Gene-specific primers, as their name suggests, enable users to fish out and copy only the transcript of interest from an RNA pool. The approach, says Kerry, provides a simple way to measure the expression of a handful of genes; but that only works if researchers are certain they never will need to reanalyze the sample again later. "If you use gene-specific primers to make cDNA, you cannot go back and look at something else," he says.
One-step vs. two-step RT-PCR
Another key differentiator in cDNA synthesis kits is how they interface with downstream PCR—the "top application" for cDNA synthesis, according to Patel. So-called "one-step" kits include both steps in a single reaction—RNA in, RT-PCR results out. Two-step kits separate the steps.
The advantages of one-step kits, says Brigitte Hloch, international marketing manager at Roche Applied Science, which offers both kit types, include decreased time and increased sensitivity and specificity. One-step systems (such as the company's Transcriptor One-Step RT-PCR Kit) are also convenient, at least if users are only interested in a relatively small number of transcripts and can reduce the risk of contamination. "If it is important for you to reduce the risk of contamination, for example in a virology department, then I would always recommend to go with one-step RT-PCR," says Hloch.
Two-step systems, though, like Roche's Transcriptor First Strand cDNA Synthesis Kit, enable reaction optimization and "give maximal flexibility for RT-PCR on real-time instruments and conventional thermal cyclers," Hloch says, in that researchers can perform multiple RT-PCR reactions from a single RNA sample. That, says Wild, means researchers can also achieve less reaction-to-reaction variability with two-step reactions. Plus, Wild adds, the cDNA sample can be stored for subsequent reanalysis. (Miltenyi Biotec's µMACS One-Step cDNA Kit is a two-step system.)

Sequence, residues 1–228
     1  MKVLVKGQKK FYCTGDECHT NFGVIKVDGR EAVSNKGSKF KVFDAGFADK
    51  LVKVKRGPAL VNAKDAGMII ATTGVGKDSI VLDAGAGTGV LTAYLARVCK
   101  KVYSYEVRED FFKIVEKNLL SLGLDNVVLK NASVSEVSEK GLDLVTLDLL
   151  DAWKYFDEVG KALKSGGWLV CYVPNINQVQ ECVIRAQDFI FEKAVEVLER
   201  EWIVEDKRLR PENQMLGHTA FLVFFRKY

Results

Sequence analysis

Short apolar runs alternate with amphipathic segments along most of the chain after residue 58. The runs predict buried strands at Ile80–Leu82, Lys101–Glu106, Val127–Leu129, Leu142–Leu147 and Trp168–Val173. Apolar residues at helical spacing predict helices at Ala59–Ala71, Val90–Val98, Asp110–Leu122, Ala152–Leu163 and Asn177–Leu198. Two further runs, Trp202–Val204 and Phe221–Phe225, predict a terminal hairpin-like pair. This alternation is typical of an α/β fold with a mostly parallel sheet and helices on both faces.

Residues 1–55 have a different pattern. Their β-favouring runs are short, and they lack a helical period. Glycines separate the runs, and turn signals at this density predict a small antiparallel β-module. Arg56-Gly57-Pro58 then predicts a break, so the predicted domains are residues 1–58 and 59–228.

Reverse transcriptase is the key enzyme in cDNA synthesis. But all RTs are not the same. Some RT enzymes, for instance, derive from avian myeloblastosis virus (AMV) and others from Maloney murine leukemia virus (MMLV). According to Promega product manager Amy Hendricksen, the former is better at handling difficult secondary structures in RNA templates, and the latter exhibits better processivity. Promega offers both forms of RT; the company's one-step AccessQuick RT-PCR system is based on AMV, whereas its GoScript polymerase derives from MMLV.
Another variable is RNAse H activity. According to Patel, RNAse H-positive enzymes (such as Bio-Rad's iScript) destroy the RNA as it's copied. "For RNA expression analysis, that is a smarter choice because you don't bias the population," he says. "You need to preserve the quantity of the original material." On the other hand, for cloning and "other non-quantitative applications," an RNAse H-deficient enzyme is preferable, as it can enable multiple priming rounds off each transcript and increase cDNA yield.
RNAse H status also matters if you are working with particularly lengthy mRNAs. "You don't want [RNAse H] activity if you are making long transcripts," says Kerry. "If you are trying to make cDNAs longer than 5 kb, it will degrade the RNA during synthesis." Life Technologies' SuperScript III enzyme is RNAseH-deficient, he says.